The results of coming local elections in Osaka and Aichi prefectures could have a great impact on the shape of Japan’s local government. The people concerned need to carefully watch and consider the moves of two men — Osaka Gov. Toru Hashimoto and Nagoya Mayor Takashi Kawamura.
Mr. Hashimoto has the idea of dissolving the Osaka city and integrating the Osaka city and prefectural governments into a metropolitan government similar to Tokyo’s. He hopes to create a top-down system with power concentrated on the head of such a metropolitan government in order to eradicate overlapping administrative actions between the Osaka city and prefectural governments and to buoy the local economy. Osaka Mayor Kunio Hiramatsu vehemently opposes his idea.
In April 2010, Mr. Hashimoto launched a local party called Osaka Ishin-no Kai (Osaka Restoration Association), which will concentrate on local politics within Osaka Prefecture and will refrain from seeking seats in the Diet. As a first step to establish a political foundation to follow through with his idea, he plans to control both the Osaka city and prefectural assemblies. His party will run more than 100 candidates in local elections in April to elect members of the Osaka city and prefectural assemblies and the city assembly of Sakai in Osaka Prefecture.
Mr. Hashimoto hopes that at least 55 candidates from the party will be elected to the Osaka prefectural assembly and 44 candidates from the party to the Osaka city assembly so that the party will secure more than a majority in both assemblies.
Mr. Hashimoto even hinted that he may step down from the governorship and run in the Osaka city mayoral election, which is likely to be held in November. In that case, he will make efforts so that both the gubernatorial and mayoral elections will be held on the same day and that a candidate who supports his idea will run in the gubernatorial election. He may be trying to change the mind of Osaka Mayor Hiramastsu by hinting that he will run in the mayoral election.
In Nagoya, Mayor Kawamura led a signature collection for a referendum to recall the city assembly, which opposes his proposal for making permanent a 10 percent cut in Nagoya citizens’ residential tax and halving the number of city assembly members and their pay. On Dec. 15, the city’s election management commission decided that a sufficient number of signatures had been collected, enabling the holding of a referendum.
Mr. Kawamura will step down as Nagoya mayor and run again in a mayoral election in February to be held simultaneously with an election to elect a new governor of Aichi Prefecture. The referendum is also expected to be held on the same day. In the elections, Mr. Kawamura will act in concert with Mr. Hideaki Omura, a Liberal Democratic Party member of the Lower House, who will run in the gubernatorial election. Mr. Omura calls for instituting a 10 percent cut in Aichi Prefecture residents’ residential tax — a copy of Mr. Kawamura’s idea for Nagoya — and creating a Chukyo metropolitan government by integrating the Nagoya city and Aichi prefectural governments.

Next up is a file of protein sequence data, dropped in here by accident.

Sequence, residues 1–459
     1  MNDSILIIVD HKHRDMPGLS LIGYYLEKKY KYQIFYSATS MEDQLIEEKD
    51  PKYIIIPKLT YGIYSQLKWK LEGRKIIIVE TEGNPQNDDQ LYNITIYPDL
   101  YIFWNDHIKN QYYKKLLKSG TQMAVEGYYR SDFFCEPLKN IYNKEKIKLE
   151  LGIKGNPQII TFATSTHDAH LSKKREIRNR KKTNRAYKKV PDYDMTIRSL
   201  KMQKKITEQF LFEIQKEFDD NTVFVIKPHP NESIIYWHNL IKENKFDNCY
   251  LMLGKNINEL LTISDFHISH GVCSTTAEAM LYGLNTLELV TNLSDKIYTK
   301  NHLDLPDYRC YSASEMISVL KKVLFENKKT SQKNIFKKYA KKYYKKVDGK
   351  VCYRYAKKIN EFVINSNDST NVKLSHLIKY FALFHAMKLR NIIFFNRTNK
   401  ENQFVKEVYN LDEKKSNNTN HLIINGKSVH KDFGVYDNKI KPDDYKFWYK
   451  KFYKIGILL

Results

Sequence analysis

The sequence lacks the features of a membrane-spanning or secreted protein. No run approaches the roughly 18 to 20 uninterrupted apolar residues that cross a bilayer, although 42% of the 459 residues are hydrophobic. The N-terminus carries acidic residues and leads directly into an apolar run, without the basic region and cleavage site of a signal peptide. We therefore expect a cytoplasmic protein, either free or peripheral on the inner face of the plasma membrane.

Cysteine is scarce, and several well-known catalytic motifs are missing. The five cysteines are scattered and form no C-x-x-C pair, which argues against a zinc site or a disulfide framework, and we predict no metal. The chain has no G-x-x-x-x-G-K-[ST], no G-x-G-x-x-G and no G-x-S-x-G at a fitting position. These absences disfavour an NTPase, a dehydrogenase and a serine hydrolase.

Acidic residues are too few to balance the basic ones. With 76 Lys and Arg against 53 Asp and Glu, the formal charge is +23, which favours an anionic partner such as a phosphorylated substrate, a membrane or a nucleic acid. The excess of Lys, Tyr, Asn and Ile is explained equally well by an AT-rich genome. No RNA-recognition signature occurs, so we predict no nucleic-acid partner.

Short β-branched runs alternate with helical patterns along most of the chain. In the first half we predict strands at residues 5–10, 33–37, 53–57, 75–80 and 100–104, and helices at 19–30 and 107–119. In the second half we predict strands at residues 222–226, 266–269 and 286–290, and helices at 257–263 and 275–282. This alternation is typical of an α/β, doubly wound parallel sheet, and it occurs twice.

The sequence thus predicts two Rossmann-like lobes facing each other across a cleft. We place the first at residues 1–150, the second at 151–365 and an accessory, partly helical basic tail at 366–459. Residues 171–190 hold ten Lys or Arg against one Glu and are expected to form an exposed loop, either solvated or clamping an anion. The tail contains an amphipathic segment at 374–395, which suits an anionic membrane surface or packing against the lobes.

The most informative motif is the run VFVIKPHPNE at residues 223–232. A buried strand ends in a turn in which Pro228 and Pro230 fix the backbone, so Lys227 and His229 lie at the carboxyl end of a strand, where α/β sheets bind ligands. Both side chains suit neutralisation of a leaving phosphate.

In preparation for local assembly elections in April, Mr. Kawamura has established his own local party called Genzei Nippon (Tax Reduction Japan) with the aim of gaining control of the 70-member Nagoya city assembly. Mr. Omura plans to launch his own local party Nippon Aichi-no Kai (Japan Aichi Association) to field candidates for the Aichi prefectural assembly election and in municipal assembly elections outside Nagoya.
If Mr. Hashimoto and Mr. Kawamura succeed in their attempt, the strength of the existing national parties like the Democratic Party of Japan and the LDP in Osaka and Aichi prefectures will be weakened. These parties have to devise policy proposals and field candidates attractive to voters.
Since the ideas put forward by Mr. Hashimoto and Mr. Kawamura are fresh, their moves may be appealing to voters. But it is necessary for them to seriously consider whether their moves will enhance their well-being. The resident tax cut as proposed by Mr. Kawamura gives no benefit to low-income people because they are already exempt from the payment of the tax. Such a tax cut will reduce the size of the budget, which could in turn translate into worsening of administrative services and reduction of social welfare spending.
Under the Local Autonomy Law that governs Japan’s local governments, local assemblies have a vital function of scrutinizing the behavior of local government heads and of having constructive discussions on policy matters. They first must strive to live up to the expectations.
But the attempt by Mr. Hashimoto and Mr. Kawamura to control the assemblies concerned will deprive them of their important function. Once this happens, it will be difficult for local residents to control the heads of their local governments. It is also undeniable that the two politicians’ moves smack of populism. The voters in Osaka and Aichi prefectures need to think deeply before they cast their votes.
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